Nearly 2000 years ago, people living in the river valleys of southern Ohio built earthen monuments on a scale that is unmatched in the archaeological record for small-scale societies. The period from c. 200 BC to c. AD 500 (Early to Middle Woodland) witnessed the construction of mounds, earthen walls, ditches, borrow pits and other earthen and stone features covering dozen of hectares at many sites and hundreds of hectares at some. The development of the vast Hopewell Culture geometric earthwork complexes such as those at Mound City, Chilicothe; Hopewell; and the Newark earthworks was accompanied by the establishment of wide-ranging cultural contacts reflected in the movement of exotic and strikingly beautiful artefacts such as elaborate tobacco pipes, obsidian and chert arrowheads, copper axes and regalia, animal figurines and delicately carved sheets of mica. These phenomena, coupled with complex burial rituals, indicate the emergence of a political economy based on a powerful ideology of individual power and prestige, and the creation of a vast cultural landscape within which the monument complexes were central to a ritual cycle encompassing a substantial geographical area.
The labour needed to build these vast cultural landscapes exceeds population estimates for the region, and suggests that people from near (and possibly far) travelled to the Scioto and other river valleys to help with construction of these monumental earthen complexes. Here, in the first American Landscapes volume, Mark Lynott draws on more than a decade of research and extensive new datasets to re-examine the spectacular and massive scale Ohio Hopewell landscapes and to explore the society that created them.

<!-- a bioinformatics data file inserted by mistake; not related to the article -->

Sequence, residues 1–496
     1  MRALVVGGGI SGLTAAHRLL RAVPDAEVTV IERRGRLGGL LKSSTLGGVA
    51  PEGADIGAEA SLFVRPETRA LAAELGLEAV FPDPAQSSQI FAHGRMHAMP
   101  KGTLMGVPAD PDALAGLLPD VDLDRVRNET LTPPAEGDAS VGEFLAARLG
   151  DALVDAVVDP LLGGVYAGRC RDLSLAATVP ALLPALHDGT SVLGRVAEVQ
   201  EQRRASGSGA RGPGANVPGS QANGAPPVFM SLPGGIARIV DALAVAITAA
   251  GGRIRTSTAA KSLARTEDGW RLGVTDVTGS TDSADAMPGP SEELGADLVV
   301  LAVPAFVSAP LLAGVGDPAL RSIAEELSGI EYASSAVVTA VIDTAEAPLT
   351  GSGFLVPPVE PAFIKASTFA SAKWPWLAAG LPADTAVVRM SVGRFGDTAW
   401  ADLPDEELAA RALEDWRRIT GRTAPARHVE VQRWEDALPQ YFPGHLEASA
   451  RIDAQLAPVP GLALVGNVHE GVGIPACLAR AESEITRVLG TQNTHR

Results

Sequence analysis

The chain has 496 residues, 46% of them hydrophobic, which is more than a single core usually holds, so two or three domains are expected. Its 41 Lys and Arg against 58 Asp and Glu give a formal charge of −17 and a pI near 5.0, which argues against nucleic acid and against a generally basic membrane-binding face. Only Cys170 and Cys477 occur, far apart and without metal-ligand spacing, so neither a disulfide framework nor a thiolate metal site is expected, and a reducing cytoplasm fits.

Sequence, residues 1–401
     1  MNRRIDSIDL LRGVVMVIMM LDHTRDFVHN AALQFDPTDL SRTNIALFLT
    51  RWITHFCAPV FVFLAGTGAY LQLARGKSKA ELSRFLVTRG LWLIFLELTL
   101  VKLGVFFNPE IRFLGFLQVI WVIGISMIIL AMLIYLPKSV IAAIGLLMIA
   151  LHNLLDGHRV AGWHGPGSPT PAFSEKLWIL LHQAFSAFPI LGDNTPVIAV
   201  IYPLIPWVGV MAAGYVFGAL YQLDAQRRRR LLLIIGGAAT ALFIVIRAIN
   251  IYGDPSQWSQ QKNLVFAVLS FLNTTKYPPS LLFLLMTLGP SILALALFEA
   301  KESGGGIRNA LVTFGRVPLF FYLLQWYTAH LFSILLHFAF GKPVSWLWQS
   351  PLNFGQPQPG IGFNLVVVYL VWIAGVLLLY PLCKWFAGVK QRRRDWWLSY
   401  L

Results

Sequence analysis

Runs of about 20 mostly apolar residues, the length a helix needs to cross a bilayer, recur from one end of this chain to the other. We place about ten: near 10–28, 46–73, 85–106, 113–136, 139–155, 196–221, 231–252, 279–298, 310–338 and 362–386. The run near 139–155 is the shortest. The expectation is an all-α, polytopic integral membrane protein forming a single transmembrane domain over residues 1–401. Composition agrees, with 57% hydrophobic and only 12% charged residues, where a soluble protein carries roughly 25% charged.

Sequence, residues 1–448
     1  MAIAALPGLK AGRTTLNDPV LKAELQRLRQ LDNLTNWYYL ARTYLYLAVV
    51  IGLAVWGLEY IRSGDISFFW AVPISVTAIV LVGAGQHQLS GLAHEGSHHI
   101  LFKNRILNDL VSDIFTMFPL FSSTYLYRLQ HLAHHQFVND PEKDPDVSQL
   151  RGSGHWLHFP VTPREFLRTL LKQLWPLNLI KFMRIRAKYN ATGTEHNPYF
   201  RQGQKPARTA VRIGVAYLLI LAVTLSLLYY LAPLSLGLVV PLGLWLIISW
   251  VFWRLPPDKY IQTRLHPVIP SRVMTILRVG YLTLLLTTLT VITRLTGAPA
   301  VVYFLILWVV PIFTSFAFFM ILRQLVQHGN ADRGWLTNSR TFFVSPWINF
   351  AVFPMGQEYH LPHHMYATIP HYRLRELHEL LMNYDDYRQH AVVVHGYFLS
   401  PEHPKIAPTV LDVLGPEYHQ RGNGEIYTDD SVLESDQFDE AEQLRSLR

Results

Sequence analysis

Mark Lynott was for many years archaeologist with the US National Park Service and an Adjunct Professor at the University of Nebraska, Lincoln.
I. More than Mounds and Ditches, an Introduction to Ohio Hopewell Ceremonial Landscapes Ohio and the Beginning of North American Archaeology Mortuary Mounds and Artifacts Expanding Research Interests in earthworks and ceremonial centers Ohio Hopewell Constructed Landscapes and the Digital Revolution Ohio Hopewell- an iconic name and iconic sites, but what is it? II. Current Issues in the Construction of Ohio Hopewell ceremonial landscapes Hopewell Variation and Distribution Time and Hopewell Archaeology Energy analysis: How many people did it take to build Ohio Hopewell Ceremonial Landscapes Sedentary Farmers or Mobile Foragers? Mensuration, Geometry, Alignments and Reading the Heavens Alignments and Reading the Heavens The Great Hopewell Road Were ceremonial landscapes planned designs? Models and hypotheses. III. The Hopeton Earthworks Project Geophysical Survey and Trench Excavations Embankment Wall Features Geoarchaeology Radiocarbon Results Non-embankment wall features Near The Earthworks: Triangle, Red Wing, Overly, and Cryder sites What have we learned about the Hopeton Earthworks? IV. Studies of Ohio Hopewell Ceremonial Landscapes Southeastern Ohio Newark Earthworks Marietta Scioto River Valley Seip High Bank Earthwork Anderson Earthwork Mound City Hopewell Mound Group Shriver Circle Southwest Ohio- Brush Creek, The Great Miami and Little Miami River drainages Fort Hill, Highland County Fort Ancient Foster's Crossing Pollock Works Miami Fort Turner Group of Earthworks Stubbs Earthwork V: What do we know about Hopewell ceremonial landscapes? Constructed Landscapes, Site Preparation and Planning Material Selection and the Placement of material: art or engineering? Landscape Features - Unique and Diverse Time and Landscape Construction How Were Ceremonial Landscapes Used? Ritual Refuse Pits at the Riverside Site, Hopewell Mound Group The Moorehead Circle Craft Houses and Other Wooden Structures A Great Post Circle and Many Buildings Beyond the Enclosure at Mound City Some additional thoughts VI. Some Final Thoughts: What We Still Need to Learn Landscapes and Time The Meaning Behind Landscape Forms Beyond Southern Ohio Future studies and final thoughts VII. References